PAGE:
Mansfield on Pearl Harbor: 'Reminders of the Past We Would Like to Forget'

December 01, 1991

Mike Mansfield, an 8th grade dropout, became interested in Asia during Marine duty in the Philippines, with visits to Japan and China, in 1921 and 1922. He returned to his home state of Montana and was admitted to Montana School of Mines as a special student, required to earn high school credits while he took college courses. Eventually, he became a professor of history and political science at University of Montana. He was elected to the House of Representatives in 1942 and to the Senate in 1952, where he eventually became majority leader. He was the U.S. ambassador to Japan from 1977 to 1988. He was interviewed about his thoughts on the Pearl Harbor anniversary by Joseph R. L. Sterne, editor of The Sun's editorial pages. An edited transcript follows.

Question: There's a school of thinking, particularly in Japan, -- that charges that President Franklin Roosevelt almost deliberately provoked the Japanese in order to have some kind of an incident which would enable him to bring the U.S. into World War II, and I'm sure that you've heard of this. What's your response to that?

Answer: I've heard it. I have grave doubts about such an allegation. I just happened to be in the Congress with a fellow congressman by the name of John Murphy from Scranton, Pennslyvania. He headed or was a member of a commission which looked into that allegation and on the basis of that commission's findings, I would say no, it was not a deliberate come-on or lead-on. It was something which the Japanese felt that they had to do because of the dominance of the militarists. Some of the chief leaders like Admiral Yamamoto were against the idea, knew that it meant defeat, but the combined leadership controlled the actions taken.

And now we approach the 50th anniversary. My feelings today on that are as follows: Five decades later, Pearl Harbor, Hiroshima and Nagasaki are reminders of the past we would like to forget, but we will always remember because we do not want them to happen again. They are inextricably bound together by aggression on the one hand and retaliation on the other. They serve as examples of what has been done and what should not be done.

After these three catastrophes, all of us should have learned the futility of war, and that no one really wins and everyone loses. The misfortunes of war have brought the united States and Japan closer together. The fortunes of peace have brought us many blessings. As we draw even and ever closer as friends, let us appreciate each other more, let us understand each other better and let us realize that each needs the other. It is a time to pray and a time to heal. Pearl Harbor, Nagasaki and Hiroshima -- never again.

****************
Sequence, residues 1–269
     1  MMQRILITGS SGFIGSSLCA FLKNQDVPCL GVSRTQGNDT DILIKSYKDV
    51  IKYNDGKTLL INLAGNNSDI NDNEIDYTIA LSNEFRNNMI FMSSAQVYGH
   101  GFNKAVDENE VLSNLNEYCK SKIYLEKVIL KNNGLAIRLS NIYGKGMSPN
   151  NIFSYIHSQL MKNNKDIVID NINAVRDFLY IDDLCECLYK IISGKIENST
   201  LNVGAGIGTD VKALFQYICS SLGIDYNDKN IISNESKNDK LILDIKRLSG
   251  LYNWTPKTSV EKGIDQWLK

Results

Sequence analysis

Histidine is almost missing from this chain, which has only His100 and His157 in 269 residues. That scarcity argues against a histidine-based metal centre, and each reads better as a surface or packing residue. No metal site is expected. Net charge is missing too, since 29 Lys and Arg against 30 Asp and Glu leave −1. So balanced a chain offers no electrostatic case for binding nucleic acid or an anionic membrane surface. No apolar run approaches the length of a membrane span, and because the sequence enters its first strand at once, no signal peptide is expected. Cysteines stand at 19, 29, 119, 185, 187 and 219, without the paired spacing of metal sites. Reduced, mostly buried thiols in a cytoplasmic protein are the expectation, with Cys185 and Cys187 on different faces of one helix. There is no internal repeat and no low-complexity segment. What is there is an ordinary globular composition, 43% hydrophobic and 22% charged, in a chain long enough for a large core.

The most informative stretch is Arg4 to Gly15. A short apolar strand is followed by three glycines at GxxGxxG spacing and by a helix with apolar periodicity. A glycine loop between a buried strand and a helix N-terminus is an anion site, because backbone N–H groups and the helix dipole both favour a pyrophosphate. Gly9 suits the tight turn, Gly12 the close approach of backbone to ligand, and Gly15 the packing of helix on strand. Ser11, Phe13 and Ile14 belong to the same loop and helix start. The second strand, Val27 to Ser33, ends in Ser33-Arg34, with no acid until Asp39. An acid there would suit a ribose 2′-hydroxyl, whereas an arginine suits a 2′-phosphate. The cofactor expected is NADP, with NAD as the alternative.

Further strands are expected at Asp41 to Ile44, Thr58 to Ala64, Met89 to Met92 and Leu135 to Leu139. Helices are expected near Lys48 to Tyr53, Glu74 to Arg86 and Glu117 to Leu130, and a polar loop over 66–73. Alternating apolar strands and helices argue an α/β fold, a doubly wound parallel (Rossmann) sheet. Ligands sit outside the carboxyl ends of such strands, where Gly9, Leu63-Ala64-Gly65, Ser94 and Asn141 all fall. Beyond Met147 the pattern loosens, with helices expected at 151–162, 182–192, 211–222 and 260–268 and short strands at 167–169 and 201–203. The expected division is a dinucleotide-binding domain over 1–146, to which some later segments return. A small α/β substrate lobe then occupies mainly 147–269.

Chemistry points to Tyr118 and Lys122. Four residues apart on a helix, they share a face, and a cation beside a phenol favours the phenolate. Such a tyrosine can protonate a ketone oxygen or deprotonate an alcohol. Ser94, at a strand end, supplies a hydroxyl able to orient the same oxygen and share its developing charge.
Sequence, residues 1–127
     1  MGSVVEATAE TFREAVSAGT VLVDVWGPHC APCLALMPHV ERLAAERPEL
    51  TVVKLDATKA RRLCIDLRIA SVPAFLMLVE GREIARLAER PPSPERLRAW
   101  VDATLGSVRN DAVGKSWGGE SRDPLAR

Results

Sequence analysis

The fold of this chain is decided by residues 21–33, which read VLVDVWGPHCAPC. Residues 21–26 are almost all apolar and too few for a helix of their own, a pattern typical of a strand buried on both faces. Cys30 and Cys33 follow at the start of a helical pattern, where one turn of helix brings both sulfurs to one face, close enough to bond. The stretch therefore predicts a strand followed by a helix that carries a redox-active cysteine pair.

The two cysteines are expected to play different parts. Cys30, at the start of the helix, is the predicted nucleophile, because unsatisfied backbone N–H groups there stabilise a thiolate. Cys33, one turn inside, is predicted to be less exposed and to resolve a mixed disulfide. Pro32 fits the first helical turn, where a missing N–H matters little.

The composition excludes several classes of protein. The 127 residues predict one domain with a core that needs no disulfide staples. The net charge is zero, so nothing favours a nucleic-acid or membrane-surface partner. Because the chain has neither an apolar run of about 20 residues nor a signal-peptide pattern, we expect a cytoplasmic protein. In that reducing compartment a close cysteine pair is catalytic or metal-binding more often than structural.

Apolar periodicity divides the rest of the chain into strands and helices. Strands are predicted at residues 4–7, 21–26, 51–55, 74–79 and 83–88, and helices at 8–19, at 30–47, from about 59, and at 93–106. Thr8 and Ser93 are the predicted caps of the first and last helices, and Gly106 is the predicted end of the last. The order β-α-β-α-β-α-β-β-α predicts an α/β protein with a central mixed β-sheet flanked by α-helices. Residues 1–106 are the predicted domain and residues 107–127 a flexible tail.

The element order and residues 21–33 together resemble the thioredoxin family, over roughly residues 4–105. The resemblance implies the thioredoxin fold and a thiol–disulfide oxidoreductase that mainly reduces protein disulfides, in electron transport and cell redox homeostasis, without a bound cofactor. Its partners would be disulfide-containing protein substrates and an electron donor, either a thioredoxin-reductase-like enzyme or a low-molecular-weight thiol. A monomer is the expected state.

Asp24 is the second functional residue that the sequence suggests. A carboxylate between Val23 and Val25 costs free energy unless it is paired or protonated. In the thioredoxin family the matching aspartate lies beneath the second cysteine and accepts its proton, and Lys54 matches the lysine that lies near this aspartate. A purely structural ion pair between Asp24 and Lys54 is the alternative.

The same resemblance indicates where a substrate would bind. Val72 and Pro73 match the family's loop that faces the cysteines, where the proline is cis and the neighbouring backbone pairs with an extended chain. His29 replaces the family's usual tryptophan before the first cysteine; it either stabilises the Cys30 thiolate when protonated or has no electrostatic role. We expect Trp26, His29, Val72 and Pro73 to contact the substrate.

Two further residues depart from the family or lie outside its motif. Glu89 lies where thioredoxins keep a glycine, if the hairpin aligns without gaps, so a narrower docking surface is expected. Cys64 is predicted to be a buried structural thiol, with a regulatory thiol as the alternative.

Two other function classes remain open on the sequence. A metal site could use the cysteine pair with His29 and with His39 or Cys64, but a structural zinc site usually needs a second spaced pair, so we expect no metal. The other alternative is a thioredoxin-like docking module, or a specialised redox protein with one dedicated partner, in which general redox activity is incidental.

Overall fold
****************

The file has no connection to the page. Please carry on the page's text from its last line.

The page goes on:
Q: How do you think the shock of Pearl Harbor affected the American people over the long run? Was this the climactic event that brought us from an isolationist country to a nationalist country?

A: Yes, I think that's what drew us all together. Much of the U.S. was isolationist-inclined, but that was the factor which drew us all together and created a unity which was remarkable. Because of the act of aggression, probably because of a recognition that this was something which we could not avoid and it called for a coming together of all peoples of all classes, of all colors, and all types. And it held. And it worked.

And out of that war, while we did demobilize as usual, we realized that something had to be done for the countries of the world which had been ravaged by the war. So we developed the Marshall Program, we developed foreign aid programs. I estimate it cost us at the very least in the hundreds of billions of dollars, if not a trillion dollars or more since the end of the war.

We find that many of these countries which we aided through foreign assistance have now become stiff competitors. We have to recognize that these states are sovereign, that they came up quite rapidly, that in the process we become pretty complacent and a little too self-satisfied, and conditions have changed and -- the old days are gone.

We have to face up to the new realities and get away from scapegoating, finger-pointing, look in the mirror, do the things we have to do. We created our deficit, we have to got to find a solution. We've allowed school system to degenerate, our infrastructure begin to disintegrate, factors such as drugs are becoming a situation that you can't see to control. We have a deficit which amounted to about $850 billion at the end of Carter's term and at the preset time I think it amounts to around $3 trillion plus and seems to be on the way up.

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